Nova Scotia

Baddeck residents overwhelmingly vote no to dissolving village

Residents of Baddeck, N.S., have voted against a proposal to dissolve their village and merge with surrounding Victoria County.

Voters wanted to see financial statements but commissioners say that's not possible

More than 150 people attended a Village of Baddeck special meeting called to discuss the possibility of dissolving the village and joining with Victoria County. (Tom Ayers/CBC)

Residents of Baddeck, N.S., have overwhelmingly voted down a proposal to dissolve their village and merge with Victoria County.

The village commissioners voted to start the dissolution process last month, saying they don't have the resources to continue with services such as sewer, water and sidewalk clearing.

However, the electors say they are not ready to give up just yet.

More than 150 people attended a special meeting on Thursday night at the Inverary Resort to consider dissolution and many had questions, but most were frustrated at the lack of answers.

Resident Tracey Campbell said there were no handouts at the meeting and no financial statements.

"It's very difficult to make a decision of this magnitude when you don't have that kind of information," she said.

Baddeck's interim chief administrator Maris Freimanis says everyone is aware of the financial difficulties the village commissioners have faced over the last couple of years. (Tom Ayers/CBC)

Throughout the evening, commissioners said they could not provide all the answers due to legal issues involving personnel.

In October, they fired the chief administrative officer and hired former Richmond County and Port Hawkesbury CAO Maris Freimanis to take over on an interim basis.

Freimanis said the village has not produced audited financial statements for two years and said two accounting firms he spoke to say it will be "almost impossible" to do so now.

He said there is money in four of the village's six bank accounts, but most of it is earmarked for specific expenses and can't be used for general operations.

"I'm not going to say we're bankrupt, but we're very borderline," Freimanis said.

The village used to have its utility and tax bills sent out by Victoria County. The previous administrator was in the process of trying to do that herself this year.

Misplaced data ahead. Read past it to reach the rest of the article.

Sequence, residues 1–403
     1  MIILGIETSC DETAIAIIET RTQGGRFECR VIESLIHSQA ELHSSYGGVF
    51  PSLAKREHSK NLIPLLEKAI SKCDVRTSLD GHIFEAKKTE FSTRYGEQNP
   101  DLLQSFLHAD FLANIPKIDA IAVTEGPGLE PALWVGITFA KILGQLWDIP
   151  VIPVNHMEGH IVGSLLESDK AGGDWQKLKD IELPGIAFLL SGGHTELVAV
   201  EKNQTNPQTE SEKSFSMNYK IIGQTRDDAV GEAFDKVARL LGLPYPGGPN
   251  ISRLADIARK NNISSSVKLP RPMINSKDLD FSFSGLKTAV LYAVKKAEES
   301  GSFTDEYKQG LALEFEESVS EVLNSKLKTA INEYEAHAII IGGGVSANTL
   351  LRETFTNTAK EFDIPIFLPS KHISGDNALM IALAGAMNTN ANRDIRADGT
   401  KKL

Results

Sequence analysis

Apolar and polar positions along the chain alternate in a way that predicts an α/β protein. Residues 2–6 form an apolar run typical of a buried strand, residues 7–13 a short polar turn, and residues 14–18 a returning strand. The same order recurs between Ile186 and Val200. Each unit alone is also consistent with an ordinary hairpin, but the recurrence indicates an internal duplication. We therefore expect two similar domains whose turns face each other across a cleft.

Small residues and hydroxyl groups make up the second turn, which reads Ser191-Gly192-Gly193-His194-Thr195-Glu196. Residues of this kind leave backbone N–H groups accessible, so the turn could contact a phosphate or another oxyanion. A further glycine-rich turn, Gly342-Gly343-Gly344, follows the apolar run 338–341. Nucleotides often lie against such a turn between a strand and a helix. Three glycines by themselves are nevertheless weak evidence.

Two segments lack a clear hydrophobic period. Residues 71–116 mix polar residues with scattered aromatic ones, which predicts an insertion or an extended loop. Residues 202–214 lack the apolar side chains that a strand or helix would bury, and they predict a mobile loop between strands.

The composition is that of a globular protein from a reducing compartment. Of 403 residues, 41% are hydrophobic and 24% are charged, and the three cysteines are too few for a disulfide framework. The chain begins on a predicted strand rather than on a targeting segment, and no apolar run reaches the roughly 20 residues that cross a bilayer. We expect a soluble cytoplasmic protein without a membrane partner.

Freimanis said the bills are now going out late and the village needs the money to come in to continue operating.

Village commissioner Michele Stephens says people seem willing to accept an increase in tax and utility charges as long as services are maintained. (Tom Ayers/CBC)

Michele Stephens was the only village commissioner who spoke against dissolution.

"Once we get through this quagmire that we're in right now, yes, I do believe that we have a great future and I don't believe it's all doom and gloom," she said.

Several residents suggested postponing the vote on dissolution until financial statements could be produced, but when the commission would not entertain that idea, some said their only option was to vote against dissolution in hopes that financial statements could be produced and brought back to the public at a later date.

By a show of hands, no one voted in favour of dissolution. Many hands went up in opposition and commission chair Bill Marchant said there was no need to count.

After the meeting, Marchant said coming up with financial statements is not realistic.

Bill Marchant, chair of the Village of Baddeck commission, says the commission will come up with governance options and it will be up to the community to decide how to proceed. (Tom Ayers/CBC)

"I don't believe it is," he said. "I'm not sure why they couldn't understand that."

Marchant said dissolving the village would not have changed the character of the community.

It would simply have been a change in governance with the larger county operating village services.

The commission chair said there is a little time to figure out next steps, but he is not sure how much and it's not clear what can be done.

"I'm going to go home and think about things," he said.



Tom Ayers


Tom Ayers has been a reporter and editor for 37 years. He has spent the last 19 covering Cape Breton and Nova Scotia stories. You can reach him at